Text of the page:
Hill applies the same “informational” standard to communication found on the city’s website and Facebook page, thereby not subjecting the content to further election-related requirements.

Hill states in the letter “the formation of the Columbia Home Rule Initiative Committee was organized independent of the city in the spirit of utmost transparency – not out of any statutory obligation. Furthermore, mailings and videos… do not meet the four-part test found in the Illinois Election Code to be considered ‘electioneering communication.’”

Hill did take issue with some claims made by Illinois REALTORS, saying some of the statements are “verging on downright dishonest.”

He specifically refers in the letter to potential increases in property, grocery and motor fuel taxes. 

In addressing claims of property tax hikes, Hill reiterated his promise to not increase property taxes regardless of home rule status. Furthermore, the city already has the ability to raise property taxes whether or not the referendum passes.

Additionally, since “real property” such as homes and land are not subject to sales tax, the proposed 1 percent home rule tax would not apply to those purchases, and a separate referendum would be necessary to increase the real estate transfer tax rate.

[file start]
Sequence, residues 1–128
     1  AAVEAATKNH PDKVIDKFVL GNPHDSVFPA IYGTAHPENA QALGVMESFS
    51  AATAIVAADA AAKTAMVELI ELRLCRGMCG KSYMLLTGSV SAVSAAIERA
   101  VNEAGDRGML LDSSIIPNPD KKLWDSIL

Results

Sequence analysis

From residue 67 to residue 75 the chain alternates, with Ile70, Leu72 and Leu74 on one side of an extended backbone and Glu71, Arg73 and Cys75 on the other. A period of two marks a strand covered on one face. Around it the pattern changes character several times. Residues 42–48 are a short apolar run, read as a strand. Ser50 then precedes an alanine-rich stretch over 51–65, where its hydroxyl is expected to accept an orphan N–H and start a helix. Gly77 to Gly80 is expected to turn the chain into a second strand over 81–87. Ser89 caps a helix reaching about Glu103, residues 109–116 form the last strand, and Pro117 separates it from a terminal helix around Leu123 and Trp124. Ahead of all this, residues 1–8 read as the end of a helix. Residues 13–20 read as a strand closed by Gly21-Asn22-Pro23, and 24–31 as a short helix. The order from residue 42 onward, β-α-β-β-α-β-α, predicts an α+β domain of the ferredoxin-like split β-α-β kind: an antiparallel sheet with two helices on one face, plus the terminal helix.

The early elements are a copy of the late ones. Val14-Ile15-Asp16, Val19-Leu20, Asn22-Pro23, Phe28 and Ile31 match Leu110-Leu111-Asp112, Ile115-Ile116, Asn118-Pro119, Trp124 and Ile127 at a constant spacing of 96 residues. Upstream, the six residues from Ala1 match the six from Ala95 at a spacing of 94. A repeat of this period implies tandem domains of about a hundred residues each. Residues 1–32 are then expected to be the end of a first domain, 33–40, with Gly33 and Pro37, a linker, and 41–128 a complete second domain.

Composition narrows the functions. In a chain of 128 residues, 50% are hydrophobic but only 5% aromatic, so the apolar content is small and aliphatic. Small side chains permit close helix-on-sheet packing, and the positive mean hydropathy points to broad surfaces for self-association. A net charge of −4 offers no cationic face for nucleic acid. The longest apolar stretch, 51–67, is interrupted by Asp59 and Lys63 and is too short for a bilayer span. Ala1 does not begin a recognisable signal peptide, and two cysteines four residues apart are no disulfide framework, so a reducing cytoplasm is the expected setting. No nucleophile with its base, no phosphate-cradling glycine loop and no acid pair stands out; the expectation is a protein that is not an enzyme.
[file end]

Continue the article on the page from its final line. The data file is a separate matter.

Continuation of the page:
While home rule would allow Columbia to institute an additional motor fuel tax, city officials have already stated intentions to avoid such a tax – neighboring Missouri already has an advantage with its significantly lower fuel costs.

As far as groceries are concerned, the proposed “food and beverage tax” would only apply to items prepared for immediate consumption such as items purchased at a restaurant, amounting to around $1 for a $100 total bill.

Items at grocery stores currently classified as food and drink (which are already taxed at a separate rate), the proposed 1 percent home rule tax would not apply, although it would apply to non-grocery items purchased at a grocery store.

Those issues and more will be up for debate this Thursday at Turner Hall.

For more information about home rule or to ask a question to city officials through an online portal, visit